The Best Way To Season Burritos For Full Flavor In Every Bite

The burrito, made of beans and rice wrapped in a delicious flour tortilla, is loved in restaurants, fast-food chains, and at home across North America. With delectable varieties like the breakfast burrito, the deep-fried chimichanga, and the enchilada-sauce-smothered wet burrito, it is a staple of Mexican and Southwestern U.S. cuisines (via Britannica).

The name burrito, meaning "little donkey," has many legends regarding its origins (per MasterClass). Some of the most popular – there are many others – of course, center around the food's namesake: the donkey. According to Britannica, the burrito most likely originated in the Sonoran region of Mexico. Some think its name comes from the bedrolls that miners would attach to the backs of their donkeys. Those who align themselves with the mining theory cite that Chinese miners also worked in the Sonoran mines and guess that the burrito is the Mexican version of the egg roll. Others contend that the burrito is named after the early burrito vendors who carried the tortilla-wrapped treats in baskets attached to donkey saddles.

According to Vox, early burritos were most likely filled with leftovers. Soon beans and rice became the traditional burrito ingredients. It wasn't until the Mission-style burritos of San Fransicsco's El Faro or Taqueria La Cumbre, depending on who you ask, that the burrito became the massive, deliciously overstuffed tortillas bursting with ingredients like avocado, cheese, avocado, and crema, that we know today, writes Bon Apétit.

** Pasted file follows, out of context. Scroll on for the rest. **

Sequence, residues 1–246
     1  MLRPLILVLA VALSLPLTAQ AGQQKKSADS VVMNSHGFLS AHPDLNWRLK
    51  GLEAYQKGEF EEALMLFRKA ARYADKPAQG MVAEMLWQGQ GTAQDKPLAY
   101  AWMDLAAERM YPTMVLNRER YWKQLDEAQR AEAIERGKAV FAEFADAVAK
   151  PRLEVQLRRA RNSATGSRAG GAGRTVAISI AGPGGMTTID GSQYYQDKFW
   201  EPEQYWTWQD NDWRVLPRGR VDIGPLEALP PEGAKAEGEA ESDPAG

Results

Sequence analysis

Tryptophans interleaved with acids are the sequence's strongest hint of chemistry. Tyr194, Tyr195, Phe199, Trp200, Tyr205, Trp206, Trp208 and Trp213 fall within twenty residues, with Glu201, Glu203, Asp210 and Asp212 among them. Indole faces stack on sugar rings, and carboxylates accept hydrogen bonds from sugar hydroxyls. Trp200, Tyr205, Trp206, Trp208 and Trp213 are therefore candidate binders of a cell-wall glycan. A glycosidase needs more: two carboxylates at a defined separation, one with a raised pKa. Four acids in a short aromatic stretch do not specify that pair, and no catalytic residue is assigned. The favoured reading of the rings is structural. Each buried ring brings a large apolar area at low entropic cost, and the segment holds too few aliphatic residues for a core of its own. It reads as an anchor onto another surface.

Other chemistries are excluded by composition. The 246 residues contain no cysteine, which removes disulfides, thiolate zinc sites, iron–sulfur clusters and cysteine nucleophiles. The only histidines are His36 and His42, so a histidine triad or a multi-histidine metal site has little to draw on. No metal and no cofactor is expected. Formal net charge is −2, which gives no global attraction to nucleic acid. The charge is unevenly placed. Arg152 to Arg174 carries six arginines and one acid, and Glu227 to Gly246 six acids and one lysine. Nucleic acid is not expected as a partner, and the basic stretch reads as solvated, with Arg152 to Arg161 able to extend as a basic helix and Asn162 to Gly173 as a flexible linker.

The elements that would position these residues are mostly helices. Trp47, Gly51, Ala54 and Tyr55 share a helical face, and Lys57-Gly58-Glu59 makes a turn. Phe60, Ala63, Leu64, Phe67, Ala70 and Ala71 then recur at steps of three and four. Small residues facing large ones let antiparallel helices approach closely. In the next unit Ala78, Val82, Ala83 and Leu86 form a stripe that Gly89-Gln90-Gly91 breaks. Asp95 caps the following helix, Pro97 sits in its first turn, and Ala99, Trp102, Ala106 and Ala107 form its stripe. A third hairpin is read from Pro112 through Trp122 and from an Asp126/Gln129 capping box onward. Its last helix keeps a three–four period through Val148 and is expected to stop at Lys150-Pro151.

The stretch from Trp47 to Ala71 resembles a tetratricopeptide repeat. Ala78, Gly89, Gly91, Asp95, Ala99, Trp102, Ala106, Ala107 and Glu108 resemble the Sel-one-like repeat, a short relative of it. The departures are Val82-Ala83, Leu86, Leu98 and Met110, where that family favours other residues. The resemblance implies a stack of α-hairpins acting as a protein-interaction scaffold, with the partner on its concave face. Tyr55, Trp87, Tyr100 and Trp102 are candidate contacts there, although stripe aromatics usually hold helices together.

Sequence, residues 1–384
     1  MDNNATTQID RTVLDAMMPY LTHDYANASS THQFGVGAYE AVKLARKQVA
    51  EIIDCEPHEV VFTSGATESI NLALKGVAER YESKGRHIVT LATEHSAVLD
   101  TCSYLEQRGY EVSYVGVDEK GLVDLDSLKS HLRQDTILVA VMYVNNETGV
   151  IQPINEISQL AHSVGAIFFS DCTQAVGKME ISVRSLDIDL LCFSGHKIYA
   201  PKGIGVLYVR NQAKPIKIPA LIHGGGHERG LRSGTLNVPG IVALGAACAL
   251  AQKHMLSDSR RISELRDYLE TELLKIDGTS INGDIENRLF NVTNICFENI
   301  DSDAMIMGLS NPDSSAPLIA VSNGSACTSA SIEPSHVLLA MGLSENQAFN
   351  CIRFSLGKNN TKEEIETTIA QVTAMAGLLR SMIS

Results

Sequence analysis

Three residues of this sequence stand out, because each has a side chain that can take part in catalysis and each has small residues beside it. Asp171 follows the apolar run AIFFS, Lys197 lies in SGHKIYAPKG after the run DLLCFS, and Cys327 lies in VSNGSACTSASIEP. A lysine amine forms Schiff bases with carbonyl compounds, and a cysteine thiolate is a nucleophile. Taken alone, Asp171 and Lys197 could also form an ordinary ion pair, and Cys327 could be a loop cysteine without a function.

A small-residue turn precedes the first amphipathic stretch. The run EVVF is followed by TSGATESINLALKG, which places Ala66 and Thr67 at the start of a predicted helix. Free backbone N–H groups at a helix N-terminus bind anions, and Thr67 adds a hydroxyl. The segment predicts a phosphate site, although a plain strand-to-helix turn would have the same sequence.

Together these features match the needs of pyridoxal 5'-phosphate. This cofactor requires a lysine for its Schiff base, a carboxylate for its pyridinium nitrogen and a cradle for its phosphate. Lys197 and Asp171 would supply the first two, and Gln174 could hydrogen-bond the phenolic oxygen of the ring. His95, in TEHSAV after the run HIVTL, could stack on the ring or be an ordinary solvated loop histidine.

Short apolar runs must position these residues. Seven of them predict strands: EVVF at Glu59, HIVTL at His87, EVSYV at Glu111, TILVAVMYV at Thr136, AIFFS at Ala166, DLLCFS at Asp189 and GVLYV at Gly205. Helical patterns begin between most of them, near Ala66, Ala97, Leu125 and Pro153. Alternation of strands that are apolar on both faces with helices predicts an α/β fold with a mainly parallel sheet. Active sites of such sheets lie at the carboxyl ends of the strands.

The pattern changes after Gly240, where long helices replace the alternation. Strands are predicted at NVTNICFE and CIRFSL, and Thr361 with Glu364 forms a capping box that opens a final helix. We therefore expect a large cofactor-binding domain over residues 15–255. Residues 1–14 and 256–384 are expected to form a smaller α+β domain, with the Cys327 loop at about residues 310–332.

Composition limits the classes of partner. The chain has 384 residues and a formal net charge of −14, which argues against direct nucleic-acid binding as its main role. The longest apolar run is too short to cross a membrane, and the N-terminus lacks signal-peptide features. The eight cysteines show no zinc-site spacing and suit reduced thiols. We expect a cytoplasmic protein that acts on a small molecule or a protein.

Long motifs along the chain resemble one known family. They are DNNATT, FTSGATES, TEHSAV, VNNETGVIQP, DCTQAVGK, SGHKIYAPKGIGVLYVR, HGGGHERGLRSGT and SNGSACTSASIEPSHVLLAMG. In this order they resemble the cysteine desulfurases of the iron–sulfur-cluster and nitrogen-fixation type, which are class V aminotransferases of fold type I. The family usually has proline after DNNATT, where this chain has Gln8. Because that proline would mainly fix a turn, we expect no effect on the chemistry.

Season each ingredient for the best burrito

With the creation of the giant stuffed-to-the-brim Mission-style burrito, the possibilities for burrito ingredients seem endless. With that, the Washington Post warns that the infinite flavors and additions to the burrito create infinite ways to mess up a burrito. Consider how many ingredients you'd like to add to reduce your chances of making a disappointing burrito. Try not to overdo it.

Once you've selected your ingredients, cook and season each one individually, suggests Auguste Escoffier School of Culinary Arts, meaning that you pay close attention to how you flavor the beans, rice, meat, or veggies. Doing so will ensure that each bite packs a satisfying punch. For example, you can add well-rounded flavor to your rice by cooking it in broth and adding herbs and spices like garlic, cumin, chili peppers, and bay leaves. Typical spices for burrito meat and vegetables include salt, garlic, and pepper, as well as paprika, cumin, and cayenne pepper, writes Spice Rally.

Don't forget to consider your sauces, advises MasterClass. Traditional toppings include salsa, hot sauce, guacamole, Mexican crema, or sour cream. For added flavor, use just a bit of fresh herbs like cilantro, jalapeños, or pickled onions, suggests the Washington Post. By ensuring that each ingredient is flavored to a satisfying degree, you'll make each bite of your burrito delicious.